role was the instrumentation aircraft. In addition to the equipment shown in Enola, it required a total of three VHF receivers to listen to the three air dropped
canisters in the vicinity of 50MHz, as well as three recorders to record the overpressure signatures provided
by the canister microphones. From this information and estimates of location of each canister with respect to the weapon's detonation, approximate weapon yields could be calculated.
As related in a fascinating LAUR (Los Alamos Unclassified Release) monograph by Dr. Glen McDuff,
three Hallicrafters S-36 VHF receivers were used in The Great Artiste to receive the overpressure waveform from the parachuted instrumentation canisters dropped prior to bombing, but
these required special non-standard wide mounts and were significantly heavier than their repackaged condition in the AN/ARR-5 version. The outputs of these
receivers for the Hiroshima mission were connected to three Dumont oscilloscopes of the type shown here,
which in turn had three Kodak Cine E 16mm movie cameras attached with light shielding tubes to record the oscilloscope traces. Since this laboratory system was physically large
and somewhat unwieldy to set up, future missions (had they been necessary) would most likely have switched to more available countermeasures equipment - three AN/ARR-5 receivers,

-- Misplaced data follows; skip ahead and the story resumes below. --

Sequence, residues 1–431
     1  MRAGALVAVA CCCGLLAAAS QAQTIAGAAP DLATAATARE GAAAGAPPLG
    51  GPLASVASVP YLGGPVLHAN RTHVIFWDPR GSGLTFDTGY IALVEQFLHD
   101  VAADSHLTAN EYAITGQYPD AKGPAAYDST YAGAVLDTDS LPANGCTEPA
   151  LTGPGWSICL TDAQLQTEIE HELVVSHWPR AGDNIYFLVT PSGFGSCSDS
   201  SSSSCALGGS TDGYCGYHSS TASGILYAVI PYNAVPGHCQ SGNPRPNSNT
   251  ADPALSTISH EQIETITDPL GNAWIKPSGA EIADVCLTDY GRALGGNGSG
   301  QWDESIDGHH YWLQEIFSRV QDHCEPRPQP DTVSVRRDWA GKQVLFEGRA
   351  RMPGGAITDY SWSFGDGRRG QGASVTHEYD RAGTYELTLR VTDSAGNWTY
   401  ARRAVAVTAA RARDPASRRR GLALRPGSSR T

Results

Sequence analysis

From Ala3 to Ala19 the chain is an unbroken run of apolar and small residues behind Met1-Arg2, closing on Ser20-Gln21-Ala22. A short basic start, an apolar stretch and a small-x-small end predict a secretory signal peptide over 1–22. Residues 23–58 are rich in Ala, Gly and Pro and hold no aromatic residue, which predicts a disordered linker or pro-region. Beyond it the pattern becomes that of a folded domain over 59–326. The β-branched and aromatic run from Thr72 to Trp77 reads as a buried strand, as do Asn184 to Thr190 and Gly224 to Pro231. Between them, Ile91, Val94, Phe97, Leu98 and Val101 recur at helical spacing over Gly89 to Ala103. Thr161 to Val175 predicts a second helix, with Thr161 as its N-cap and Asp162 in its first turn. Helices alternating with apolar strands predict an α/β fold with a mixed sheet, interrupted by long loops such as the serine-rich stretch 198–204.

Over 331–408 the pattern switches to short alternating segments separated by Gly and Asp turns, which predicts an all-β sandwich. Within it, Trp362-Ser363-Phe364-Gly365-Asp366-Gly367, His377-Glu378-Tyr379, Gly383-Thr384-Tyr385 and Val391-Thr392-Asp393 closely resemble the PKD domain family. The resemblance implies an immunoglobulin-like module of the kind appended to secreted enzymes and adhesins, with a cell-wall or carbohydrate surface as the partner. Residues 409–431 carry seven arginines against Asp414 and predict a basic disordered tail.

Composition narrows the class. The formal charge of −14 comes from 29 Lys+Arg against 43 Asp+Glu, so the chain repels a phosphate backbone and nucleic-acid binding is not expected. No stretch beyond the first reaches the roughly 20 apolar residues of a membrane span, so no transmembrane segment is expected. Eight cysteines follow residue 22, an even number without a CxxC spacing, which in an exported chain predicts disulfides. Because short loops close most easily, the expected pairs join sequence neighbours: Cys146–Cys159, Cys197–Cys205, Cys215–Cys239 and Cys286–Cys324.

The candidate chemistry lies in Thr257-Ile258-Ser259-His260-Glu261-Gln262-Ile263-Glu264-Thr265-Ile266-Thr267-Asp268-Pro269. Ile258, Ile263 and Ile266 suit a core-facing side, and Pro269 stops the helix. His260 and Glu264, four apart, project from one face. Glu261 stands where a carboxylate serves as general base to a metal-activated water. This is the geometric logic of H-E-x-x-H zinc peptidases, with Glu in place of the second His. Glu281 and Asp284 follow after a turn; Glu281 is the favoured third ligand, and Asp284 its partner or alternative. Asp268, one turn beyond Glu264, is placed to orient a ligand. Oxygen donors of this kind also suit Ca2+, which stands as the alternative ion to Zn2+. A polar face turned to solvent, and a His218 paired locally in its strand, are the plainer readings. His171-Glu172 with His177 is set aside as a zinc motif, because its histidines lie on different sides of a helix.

three AN/APA-11 pulse analyzers, and either three radar film movie cameras made for the APA-11s or possibly three AN/ANQ-1 wire recorders, given the results obtained from the first drop.
That suite of equipment types in fact reflects the expanded countermeasures rack configuration capability that exists in Bockscar today, the plane that flew the Nagasaki mission.
Simultaneous recording of three independent signals required a
special antenna to be rigged from the belly of the aircraft, through a hole in the bottom of the radar compartment. Below are shown the
hatch and antenna. It is very similar to the antenna and procedure used by the Navy for their sonobuoy receivers in locating submarines.
The antenna was too long to remain in place for landing. so it was intended to be rigged and removed during
flight. You can see it in the deployed position in the "Exterior
Antennas - right side" page. On the Hiroshima flight it was deemed necesary to deploy it prior to takeoff, so the antenna was shortened
from a half to a quarter wavelength to avoid dragging it on takeoff.
Antenna loading hatch
Special whip antenna for ARR-5 receivers, mounted on ceiling for storage